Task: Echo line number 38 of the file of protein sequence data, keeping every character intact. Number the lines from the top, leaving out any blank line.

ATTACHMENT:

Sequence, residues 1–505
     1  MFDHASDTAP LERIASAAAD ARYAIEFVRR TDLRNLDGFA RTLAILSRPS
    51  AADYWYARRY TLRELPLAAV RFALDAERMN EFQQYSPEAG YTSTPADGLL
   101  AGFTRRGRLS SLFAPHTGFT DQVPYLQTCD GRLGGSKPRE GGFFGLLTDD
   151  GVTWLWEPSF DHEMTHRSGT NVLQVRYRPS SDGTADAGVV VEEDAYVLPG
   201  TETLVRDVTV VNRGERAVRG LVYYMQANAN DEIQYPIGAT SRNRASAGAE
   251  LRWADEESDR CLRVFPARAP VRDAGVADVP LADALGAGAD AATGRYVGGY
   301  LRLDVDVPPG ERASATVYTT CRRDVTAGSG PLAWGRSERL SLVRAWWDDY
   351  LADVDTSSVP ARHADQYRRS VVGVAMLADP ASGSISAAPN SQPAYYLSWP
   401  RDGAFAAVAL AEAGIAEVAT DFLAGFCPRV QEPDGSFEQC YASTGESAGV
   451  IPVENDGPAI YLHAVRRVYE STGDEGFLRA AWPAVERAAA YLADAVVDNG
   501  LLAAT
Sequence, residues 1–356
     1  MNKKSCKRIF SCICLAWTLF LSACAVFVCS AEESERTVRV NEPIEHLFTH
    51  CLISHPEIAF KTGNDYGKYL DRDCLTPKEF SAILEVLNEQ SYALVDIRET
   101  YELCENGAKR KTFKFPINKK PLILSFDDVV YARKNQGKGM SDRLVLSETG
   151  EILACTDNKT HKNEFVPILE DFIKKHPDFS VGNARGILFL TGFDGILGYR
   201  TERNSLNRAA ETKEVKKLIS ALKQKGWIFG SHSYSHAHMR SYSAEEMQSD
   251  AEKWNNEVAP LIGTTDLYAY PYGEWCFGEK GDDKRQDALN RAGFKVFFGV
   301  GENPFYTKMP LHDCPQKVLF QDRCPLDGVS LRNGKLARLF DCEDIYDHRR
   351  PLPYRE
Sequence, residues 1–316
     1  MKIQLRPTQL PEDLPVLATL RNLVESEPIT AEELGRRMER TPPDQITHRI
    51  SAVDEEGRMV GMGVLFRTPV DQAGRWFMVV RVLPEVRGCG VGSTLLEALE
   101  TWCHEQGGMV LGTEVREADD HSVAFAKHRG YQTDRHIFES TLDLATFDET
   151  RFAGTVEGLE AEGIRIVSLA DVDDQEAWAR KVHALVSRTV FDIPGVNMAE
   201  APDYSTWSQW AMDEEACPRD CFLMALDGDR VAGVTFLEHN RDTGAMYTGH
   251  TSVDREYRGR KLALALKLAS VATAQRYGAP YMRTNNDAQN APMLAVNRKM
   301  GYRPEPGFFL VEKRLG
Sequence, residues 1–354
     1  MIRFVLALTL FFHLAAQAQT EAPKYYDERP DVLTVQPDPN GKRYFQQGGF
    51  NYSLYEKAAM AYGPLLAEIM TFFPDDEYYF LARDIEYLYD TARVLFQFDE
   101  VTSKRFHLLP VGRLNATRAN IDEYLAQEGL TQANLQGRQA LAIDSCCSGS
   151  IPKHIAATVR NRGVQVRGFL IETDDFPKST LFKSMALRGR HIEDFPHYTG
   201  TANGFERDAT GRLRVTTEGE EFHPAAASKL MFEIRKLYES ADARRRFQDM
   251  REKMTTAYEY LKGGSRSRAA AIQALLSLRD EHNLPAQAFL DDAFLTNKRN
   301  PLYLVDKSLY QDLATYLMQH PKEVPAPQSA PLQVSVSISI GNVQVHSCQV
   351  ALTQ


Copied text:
   351  ALTQ